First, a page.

1. Doctor Who has been historically defined by change, but this does not mean that radical change will be successful today.
But what, exactly, is changing? We have a Doctor, we have a companion, we have a TARDIS. The audience is already used to the idea that the Doctor can
change, and they know that companions come and go. The only thing that is really different from the past five years is the writers and producers behind the scenes, and is that something that the core audience, not fandom, will really note?
2. Even if major change is helpful, that doesn't mean that several major changes all at once won't be too much for the audience.
But on screen, there aren't that
many changes. New Doctor, new companion, new TARDIS. And each of those changes are going to be explained for the audience. We have a regeneration. We have the TARDIS heavily damaged. Why would the audience find these things alienating?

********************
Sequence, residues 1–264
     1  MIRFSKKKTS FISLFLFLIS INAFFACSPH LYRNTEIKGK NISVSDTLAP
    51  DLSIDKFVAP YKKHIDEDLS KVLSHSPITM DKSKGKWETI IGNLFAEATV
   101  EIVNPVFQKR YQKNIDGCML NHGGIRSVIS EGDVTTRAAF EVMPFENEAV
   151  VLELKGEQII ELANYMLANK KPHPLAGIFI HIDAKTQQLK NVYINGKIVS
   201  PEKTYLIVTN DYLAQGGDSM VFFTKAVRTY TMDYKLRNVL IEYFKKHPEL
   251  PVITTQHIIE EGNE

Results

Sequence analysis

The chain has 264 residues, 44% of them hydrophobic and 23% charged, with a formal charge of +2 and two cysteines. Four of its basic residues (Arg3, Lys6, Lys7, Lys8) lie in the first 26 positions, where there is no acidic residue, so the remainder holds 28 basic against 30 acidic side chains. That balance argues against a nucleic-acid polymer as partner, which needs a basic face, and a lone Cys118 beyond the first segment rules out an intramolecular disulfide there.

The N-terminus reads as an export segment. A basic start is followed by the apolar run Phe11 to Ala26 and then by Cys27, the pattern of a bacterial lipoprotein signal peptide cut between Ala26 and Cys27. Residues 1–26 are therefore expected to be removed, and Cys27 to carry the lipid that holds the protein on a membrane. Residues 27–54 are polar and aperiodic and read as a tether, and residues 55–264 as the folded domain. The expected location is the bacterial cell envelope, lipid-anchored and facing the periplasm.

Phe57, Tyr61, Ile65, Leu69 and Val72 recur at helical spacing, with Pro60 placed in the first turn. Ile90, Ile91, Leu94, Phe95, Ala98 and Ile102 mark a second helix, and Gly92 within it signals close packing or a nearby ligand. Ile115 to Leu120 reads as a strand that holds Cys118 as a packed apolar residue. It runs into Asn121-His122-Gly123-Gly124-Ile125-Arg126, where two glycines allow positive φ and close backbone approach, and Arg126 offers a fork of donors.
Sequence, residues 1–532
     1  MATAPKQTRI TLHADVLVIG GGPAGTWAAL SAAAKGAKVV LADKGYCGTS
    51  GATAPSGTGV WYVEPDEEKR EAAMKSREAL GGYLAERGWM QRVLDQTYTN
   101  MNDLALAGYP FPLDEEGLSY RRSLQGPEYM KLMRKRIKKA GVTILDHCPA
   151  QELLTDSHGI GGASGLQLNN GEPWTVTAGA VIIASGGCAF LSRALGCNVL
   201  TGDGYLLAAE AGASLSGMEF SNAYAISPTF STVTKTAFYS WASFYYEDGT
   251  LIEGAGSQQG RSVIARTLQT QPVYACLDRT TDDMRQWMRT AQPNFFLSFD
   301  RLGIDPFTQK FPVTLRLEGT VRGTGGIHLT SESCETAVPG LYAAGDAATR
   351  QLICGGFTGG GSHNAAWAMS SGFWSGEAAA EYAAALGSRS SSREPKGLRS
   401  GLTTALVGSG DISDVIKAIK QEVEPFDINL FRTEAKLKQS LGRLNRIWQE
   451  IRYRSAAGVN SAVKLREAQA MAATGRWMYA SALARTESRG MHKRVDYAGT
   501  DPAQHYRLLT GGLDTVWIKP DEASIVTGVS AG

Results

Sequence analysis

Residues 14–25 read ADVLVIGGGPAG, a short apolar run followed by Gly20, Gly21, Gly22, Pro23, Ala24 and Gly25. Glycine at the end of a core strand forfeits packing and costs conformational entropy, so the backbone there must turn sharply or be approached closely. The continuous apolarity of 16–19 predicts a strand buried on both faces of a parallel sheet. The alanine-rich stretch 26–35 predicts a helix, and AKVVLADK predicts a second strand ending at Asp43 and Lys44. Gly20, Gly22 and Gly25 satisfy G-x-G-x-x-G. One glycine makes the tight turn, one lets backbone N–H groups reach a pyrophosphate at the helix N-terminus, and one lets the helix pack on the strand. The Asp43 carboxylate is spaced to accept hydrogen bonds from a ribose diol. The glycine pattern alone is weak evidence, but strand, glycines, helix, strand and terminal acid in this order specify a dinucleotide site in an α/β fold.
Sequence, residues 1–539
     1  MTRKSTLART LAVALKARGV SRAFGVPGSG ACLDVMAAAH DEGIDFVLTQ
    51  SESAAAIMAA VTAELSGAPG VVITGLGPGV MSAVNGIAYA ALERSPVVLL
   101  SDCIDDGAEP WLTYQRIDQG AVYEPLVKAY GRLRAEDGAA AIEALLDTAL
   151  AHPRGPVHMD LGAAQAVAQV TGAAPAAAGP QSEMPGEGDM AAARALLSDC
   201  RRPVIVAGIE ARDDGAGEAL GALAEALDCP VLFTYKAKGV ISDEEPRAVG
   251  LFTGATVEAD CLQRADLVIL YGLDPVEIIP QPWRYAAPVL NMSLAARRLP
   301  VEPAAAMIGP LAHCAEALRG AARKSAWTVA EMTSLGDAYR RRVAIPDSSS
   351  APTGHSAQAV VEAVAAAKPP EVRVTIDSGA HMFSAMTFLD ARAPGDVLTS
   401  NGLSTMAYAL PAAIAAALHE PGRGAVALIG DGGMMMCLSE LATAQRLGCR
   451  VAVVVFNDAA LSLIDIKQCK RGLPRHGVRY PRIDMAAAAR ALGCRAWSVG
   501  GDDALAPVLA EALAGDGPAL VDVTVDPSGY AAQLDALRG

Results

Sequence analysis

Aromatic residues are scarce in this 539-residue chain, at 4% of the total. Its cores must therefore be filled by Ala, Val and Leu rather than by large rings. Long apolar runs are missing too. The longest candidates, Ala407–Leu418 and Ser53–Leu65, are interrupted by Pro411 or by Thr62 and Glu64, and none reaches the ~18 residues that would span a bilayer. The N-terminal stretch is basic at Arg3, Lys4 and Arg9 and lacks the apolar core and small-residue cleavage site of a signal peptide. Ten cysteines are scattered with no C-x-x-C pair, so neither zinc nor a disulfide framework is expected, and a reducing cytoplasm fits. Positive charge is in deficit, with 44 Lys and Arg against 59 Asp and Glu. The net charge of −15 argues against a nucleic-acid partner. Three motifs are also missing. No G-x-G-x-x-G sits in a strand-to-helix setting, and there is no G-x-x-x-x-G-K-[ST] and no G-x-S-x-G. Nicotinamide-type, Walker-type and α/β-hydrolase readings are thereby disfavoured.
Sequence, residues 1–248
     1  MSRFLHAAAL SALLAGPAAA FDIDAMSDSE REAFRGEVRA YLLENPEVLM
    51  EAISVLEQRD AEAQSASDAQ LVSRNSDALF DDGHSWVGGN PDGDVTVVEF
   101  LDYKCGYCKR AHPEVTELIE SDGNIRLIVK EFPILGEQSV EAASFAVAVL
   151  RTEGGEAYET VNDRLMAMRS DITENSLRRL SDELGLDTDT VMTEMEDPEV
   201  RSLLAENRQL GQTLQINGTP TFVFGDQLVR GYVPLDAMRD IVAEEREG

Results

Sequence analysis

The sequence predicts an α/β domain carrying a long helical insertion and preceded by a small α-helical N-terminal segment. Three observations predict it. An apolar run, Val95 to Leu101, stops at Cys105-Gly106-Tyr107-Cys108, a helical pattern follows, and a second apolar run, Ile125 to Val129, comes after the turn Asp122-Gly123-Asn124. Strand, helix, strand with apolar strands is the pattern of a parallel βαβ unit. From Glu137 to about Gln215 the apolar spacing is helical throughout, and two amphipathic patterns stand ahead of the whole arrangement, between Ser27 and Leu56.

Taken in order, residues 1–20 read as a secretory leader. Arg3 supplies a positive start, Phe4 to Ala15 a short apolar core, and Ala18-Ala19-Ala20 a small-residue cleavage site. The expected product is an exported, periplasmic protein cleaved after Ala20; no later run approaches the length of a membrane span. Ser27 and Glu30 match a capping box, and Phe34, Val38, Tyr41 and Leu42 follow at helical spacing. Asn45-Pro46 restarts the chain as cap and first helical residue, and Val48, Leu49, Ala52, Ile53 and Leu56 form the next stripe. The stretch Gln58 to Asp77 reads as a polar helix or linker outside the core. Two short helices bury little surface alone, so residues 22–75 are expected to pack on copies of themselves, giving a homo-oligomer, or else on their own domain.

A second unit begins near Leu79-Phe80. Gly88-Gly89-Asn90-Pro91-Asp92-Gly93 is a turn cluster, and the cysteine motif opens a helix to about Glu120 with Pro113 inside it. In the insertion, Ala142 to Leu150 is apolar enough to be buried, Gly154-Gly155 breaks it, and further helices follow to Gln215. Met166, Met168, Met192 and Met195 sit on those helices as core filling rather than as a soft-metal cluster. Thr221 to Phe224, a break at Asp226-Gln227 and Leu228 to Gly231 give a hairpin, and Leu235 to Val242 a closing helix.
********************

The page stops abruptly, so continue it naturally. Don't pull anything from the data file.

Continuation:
After all, nuWho has been fairly stable since David Tennant assumed the role; there is the possibility that too much major change might hurt the series today and lead to its cancellation.
But as I said above, Sci
, nuWho isn't synonymous with the Davies/Tennant era anymore.
I'm not saying it's likely -- I'm just saying, bear in mind that what worked 20 years ago is not guaranteed to work today.
It wasn't guaranteed to work twenty years ago, either.
At this point, I don't see that the change from Tennat to Smith will be as radical or as traumatic as the change from Troughton to Pertwee. Pertwee's Doctor Who
might as well have been a different series entirely. Smith's Who
doesn't appear to be as radical a departure from the past.
At least, not yet.